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At last week’s national council meeting in Harrogate, NFRN trading director Russ Simper called for a review of “outdated” retailer required delivery times (RTDs).
The majority of RDTs have been in place since 1999, when they were established at an all industry meeting. Retailers responded to a request from their news wholesaler for their preferred morning slot. If the time was agreed, it became an RDT. If there was a disagreement, or the wholesaler for their preferred morning slot. If the time was agreed, it became an RDT. If there was a disagreement, or the wholesaler was unable to fulfil the request, it became a scheduled delivery time (STD).
Neville Rhodes states in his column in this weeks RN that one in 10 retailers don’t have an RTD and make do with the best their wholesaler can offer.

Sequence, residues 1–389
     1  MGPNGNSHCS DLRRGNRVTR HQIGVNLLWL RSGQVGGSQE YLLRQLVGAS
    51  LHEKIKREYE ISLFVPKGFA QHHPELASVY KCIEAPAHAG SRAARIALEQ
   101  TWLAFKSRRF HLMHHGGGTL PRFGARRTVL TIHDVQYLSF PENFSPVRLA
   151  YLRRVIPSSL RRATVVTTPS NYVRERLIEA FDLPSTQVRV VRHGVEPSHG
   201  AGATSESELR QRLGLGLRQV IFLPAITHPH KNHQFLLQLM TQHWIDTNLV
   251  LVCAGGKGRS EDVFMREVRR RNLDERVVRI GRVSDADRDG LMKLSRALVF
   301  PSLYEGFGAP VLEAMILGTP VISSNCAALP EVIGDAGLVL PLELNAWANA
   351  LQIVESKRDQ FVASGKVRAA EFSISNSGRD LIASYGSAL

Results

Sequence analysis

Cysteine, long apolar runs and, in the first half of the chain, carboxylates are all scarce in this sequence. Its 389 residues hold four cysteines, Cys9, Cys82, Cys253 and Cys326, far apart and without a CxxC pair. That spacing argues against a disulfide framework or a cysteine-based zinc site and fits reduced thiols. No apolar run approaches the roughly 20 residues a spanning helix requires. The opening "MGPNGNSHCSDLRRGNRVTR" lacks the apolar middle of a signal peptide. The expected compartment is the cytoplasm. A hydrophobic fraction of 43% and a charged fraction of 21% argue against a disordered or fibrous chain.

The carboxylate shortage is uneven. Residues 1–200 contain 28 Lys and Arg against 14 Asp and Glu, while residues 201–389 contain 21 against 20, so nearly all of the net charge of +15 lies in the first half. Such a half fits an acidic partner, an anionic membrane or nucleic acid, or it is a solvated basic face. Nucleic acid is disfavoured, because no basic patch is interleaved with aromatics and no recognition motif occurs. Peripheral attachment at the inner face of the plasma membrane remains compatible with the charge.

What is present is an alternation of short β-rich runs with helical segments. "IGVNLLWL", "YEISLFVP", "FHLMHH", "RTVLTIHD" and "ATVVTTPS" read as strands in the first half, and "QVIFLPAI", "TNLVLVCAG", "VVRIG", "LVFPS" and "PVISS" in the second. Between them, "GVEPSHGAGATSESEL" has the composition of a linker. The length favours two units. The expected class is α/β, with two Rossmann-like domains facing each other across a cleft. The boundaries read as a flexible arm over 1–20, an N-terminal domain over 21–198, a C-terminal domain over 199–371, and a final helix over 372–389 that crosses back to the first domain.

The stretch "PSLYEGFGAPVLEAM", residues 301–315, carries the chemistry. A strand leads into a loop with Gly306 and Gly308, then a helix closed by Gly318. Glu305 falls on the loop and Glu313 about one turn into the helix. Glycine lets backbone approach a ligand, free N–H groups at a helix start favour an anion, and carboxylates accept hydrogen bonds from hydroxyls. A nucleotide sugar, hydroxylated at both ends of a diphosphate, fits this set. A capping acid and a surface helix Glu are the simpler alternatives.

There has been a lot of water under the bridge since 1999. The wholesale map has changed significantly with the closure of Dawsons and branch rationalisation. But as an industry, RDTs have never been revisited.
Changes have been made on a store-by-store basis as a result of retailer complaints. But a store getting a slightly earlier slot, means another getting their papers a few minutes later. There has also been huge turnover in store ownership, and the RDT that suited the original retailer may not be best for the new owner.
On-time deliveries are vital, and late deliveries are one of the most common causes of retailer complaint. Ensuring publishers meet their scheduled arrival time (SAT) at wholesale also needs to be addressed.
I agree that now is the time to thoroughly examine the service provided by wholesalers and publishers and , where necessary, start the process from scratch.